It's only fitting that as the 150th anniversary of the driving of the golden spike approaches – a monumental effort that joined a nation – that American railroads are implementing Positive Train Control (PTC), a technology framework that brings the rail industry into a new era.
What do rock ‘n’ roll and bridge inspectors have in common? Just as the strings’ vibrations tell a guitarist his instrument is properly tuned and ready to jam, the same kind of vibration or movement can give an engineer insight into a bridge’s durability. It’s called “smart monitoring” and it has the potential to revolutionize how the nation’s more than 614,000 bridges are inspected.
While NASA is finding ways to use 3-D printing to provide necessities for colonizing Mars, Union Pacific is applying the same technology to make locomotive operations safer and more efficient.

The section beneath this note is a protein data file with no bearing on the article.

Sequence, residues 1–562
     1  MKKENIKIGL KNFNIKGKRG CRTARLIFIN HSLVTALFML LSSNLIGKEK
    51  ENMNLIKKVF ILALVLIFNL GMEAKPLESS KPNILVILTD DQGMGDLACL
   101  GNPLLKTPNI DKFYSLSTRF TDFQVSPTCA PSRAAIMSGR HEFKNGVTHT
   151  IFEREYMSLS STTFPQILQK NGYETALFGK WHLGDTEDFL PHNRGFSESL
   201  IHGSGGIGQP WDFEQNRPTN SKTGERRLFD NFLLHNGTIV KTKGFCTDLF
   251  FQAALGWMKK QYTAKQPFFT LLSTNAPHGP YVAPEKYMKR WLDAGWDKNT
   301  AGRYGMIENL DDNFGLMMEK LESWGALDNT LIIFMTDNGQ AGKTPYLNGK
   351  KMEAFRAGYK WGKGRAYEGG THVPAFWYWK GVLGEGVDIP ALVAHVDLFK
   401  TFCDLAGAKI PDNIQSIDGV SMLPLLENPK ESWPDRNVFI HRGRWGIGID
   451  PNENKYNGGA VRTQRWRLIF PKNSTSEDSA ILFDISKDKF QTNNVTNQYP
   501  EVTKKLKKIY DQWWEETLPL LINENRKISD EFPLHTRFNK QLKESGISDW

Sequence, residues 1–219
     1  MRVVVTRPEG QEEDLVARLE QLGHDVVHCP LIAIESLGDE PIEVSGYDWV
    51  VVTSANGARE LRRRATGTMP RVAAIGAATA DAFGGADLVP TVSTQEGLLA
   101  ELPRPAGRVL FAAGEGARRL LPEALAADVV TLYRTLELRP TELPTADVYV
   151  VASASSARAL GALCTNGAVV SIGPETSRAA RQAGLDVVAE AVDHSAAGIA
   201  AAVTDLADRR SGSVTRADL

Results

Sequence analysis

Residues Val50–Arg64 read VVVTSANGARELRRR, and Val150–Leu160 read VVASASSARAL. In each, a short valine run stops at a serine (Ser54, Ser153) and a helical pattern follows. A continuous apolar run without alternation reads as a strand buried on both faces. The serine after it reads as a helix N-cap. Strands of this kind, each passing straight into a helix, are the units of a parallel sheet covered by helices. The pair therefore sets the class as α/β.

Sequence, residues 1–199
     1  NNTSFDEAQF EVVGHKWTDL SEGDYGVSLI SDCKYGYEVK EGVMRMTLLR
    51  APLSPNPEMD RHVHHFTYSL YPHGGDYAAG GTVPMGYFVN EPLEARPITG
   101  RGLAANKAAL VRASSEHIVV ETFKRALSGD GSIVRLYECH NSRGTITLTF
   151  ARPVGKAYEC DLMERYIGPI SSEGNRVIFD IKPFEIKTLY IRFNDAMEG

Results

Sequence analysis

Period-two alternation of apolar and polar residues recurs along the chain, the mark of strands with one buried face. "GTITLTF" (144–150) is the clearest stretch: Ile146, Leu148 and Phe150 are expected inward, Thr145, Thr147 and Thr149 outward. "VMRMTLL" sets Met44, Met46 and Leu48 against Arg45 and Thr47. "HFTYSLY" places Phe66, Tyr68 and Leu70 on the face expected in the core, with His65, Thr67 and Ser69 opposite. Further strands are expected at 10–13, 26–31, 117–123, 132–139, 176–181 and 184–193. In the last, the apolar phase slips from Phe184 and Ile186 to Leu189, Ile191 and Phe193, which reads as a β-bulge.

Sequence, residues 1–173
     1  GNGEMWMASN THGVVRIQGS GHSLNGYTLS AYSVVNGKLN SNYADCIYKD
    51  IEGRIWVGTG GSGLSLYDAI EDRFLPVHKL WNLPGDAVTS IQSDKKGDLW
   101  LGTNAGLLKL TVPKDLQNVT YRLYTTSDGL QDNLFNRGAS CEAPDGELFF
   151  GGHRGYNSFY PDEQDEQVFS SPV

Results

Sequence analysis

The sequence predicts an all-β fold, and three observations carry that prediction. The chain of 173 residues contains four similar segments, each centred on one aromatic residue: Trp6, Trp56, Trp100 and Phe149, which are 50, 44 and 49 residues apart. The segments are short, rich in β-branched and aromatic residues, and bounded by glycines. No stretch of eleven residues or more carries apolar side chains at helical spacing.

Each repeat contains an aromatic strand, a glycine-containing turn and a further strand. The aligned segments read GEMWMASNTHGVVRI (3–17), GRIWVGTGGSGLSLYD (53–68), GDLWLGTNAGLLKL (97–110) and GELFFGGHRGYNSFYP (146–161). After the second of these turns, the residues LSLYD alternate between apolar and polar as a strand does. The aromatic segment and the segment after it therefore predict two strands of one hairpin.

Driving along California's scenic I-5 corridor, there's a good chance you'll see a whole new breed of locomotive pulling heavy freight along Union Pacific's main rail line.
Tucked away in an inconspicuous corner of Union Pacific’s Omaha headquarters is a set of plain, white metal doors with a small gray sign that reads “LAB.” Behind the doors lies a peek into the railroad’s future.
At first glance, the Great Salt Lake looks like any other lake. Nestled below the Wasatch Mountains, its serene blue-green water attracts flocks of hungry seagulls. It's not until you get a bird's-eye view that the lake's most unique characteristic is revealed: The north side isn't blue-green at all, it's an eerie, otherworldly pink.
It’s a cool spring morning. The mist is steady and fog snakes through Brigham Young University’s campus, hiding all but a few peaks of the nearby Wasatch Mountains. With heads down, students rush between stately brick buildings, on their way to another round of finals.